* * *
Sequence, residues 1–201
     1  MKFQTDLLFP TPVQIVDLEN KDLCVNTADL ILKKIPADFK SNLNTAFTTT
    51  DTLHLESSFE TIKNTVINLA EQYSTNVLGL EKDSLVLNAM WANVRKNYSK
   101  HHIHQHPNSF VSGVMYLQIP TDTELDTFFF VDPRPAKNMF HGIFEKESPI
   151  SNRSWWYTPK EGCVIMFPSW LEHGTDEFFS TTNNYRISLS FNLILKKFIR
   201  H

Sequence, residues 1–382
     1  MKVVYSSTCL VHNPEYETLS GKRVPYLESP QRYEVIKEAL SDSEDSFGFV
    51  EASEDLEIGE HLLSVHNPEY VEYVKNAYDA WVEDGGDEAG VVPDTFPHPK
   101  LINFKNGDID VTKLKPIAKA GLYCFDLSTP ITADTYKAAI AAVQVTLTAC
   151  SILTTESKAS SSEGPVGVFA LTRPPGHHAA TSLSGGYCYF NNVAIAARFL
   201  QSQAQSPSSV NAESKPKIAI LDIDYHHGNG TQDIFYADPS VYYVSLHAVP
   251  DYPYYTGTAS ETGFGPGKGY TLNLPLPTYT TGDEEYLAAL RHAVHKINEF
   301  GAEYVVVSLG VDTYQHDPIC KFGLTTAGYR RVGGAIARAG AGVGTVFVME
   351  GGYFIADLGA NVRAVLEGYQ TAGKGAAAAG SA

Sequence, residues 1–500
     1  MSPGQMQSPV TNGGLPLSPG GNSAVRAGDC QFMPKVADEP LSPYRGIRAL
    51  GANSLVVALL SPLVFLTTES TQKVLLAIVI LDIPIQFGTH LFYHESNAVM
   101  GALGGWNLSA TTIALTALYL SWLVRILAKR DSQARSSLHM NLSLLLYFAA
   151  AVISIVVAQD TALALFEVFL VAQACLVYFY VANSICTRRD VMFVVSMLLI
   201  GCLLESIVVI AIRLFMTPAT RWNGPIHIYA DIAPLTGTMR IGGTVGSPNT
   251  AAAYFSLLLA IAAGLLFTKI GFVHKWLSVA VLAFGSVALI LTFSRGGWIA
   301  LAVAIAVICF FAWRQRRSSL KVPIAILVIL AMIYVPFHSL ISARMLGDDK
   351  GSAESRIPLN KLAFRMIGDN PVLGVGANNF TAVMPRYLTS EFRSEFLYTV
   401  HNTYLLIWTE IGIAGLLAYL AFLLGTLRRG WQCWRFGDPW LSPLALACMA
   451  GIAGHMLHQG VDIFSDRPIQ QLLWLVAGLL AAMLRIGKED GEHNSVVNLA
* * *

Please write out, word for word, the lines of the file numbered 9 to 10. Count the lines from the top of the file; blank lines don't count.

    51  EASEDLEIGE HLLSVHNPEY VEYVKNAYDA WVEDGGDEAG VVPDTFPHPK
   101  LINFKNGDID VTKLKPIAKA GLYCFDLSTP ITADTYKAAI AAVQVTLTAC